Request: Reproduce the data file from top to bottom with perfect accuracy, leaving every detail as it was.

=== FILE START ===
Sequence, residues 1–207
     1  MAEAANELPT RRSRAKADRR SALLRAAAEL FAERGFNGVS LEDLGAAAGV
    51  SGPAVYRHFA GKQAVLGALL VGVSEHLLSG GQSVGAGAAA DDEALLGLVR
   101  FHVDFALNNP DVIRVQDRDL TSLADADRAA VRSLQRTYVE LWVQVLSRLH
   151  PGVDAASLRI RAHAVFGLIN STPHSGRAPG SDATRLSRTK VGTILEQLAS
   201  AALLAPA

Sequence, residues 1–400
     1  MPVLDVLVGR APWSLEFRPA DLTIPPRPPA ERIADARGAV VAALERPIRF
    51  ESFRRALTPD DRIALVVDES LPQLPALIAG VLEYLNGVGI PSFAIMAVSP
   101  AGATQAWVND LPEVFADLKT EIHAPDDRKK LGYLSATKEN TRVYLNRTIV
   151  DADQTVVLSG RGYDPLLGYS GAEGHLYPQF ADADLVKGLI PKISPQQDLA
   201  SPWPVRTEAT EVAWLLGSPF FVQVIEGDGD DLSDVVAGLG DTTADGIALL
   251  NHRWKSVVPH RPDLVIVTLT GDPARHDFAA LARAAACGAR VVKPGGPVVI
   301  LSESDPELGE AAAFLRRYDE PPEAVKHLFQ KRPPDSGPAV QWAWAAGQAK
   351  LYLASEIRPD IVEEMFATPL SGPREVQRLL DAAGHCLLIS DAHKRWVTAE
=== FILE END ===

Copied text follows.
Sequence, residues 1–207
     1  MAEAANELPT RRSRAKADRR SALLRAAAEL FAERGFNGVS LEDLGAAAGV
    51  SGPAVYRHFA GKQAVLGALL VGVSEHLLSG GQSVGAGAAA DDEALLGLVR
   101  FHVDFALNNP DVIRVQDRDL TSLADADRAA VRSLQRTYVE LWVQVLSRLH
   151  PGVDAASLRI RAHAVFGLIN STPHSGRAPG SDATRLSRTK VGTILEQLAS
   201  AALLAPA

Sequence, residues 1–400
     1  MPVLDVLVGR APWSLEFRPA DLTIPPRPPA ERIADARGAV VAALERPIRF
    51  ESFRRALTPD DRIALVVDES LPQLPALIAG VLEYLNGVGI PSFAIMAVSP
   101  AGATQAWVND LPEVFADLKT EIHAPDDRKK LGYLSATKEN TRVYLNRTIV
   151  DADQTVVLSG RGYDPLLGYS GAEGHLYPQF ADADLVKGLI PKISPQQDLA
   201  SPWPVRTEAT EVAWLLGSPF FVQVIEGDGD DLSDVVAGLG DTTADGIALL
   251  NHRWKSVVPH RPDLVIVTLT GDPARHDFAA LARAAACGAR VVKPGGPVVI
   301  LSESDPELGE AAAFLRRYDE PPEAVKHLFQ KRPPDSGPAV QWAWAAGQAK
   351  LYLASEIRPD IVEEMFATPL SGPREVQRLL DAAGHCLLIS DAHKRWVTAE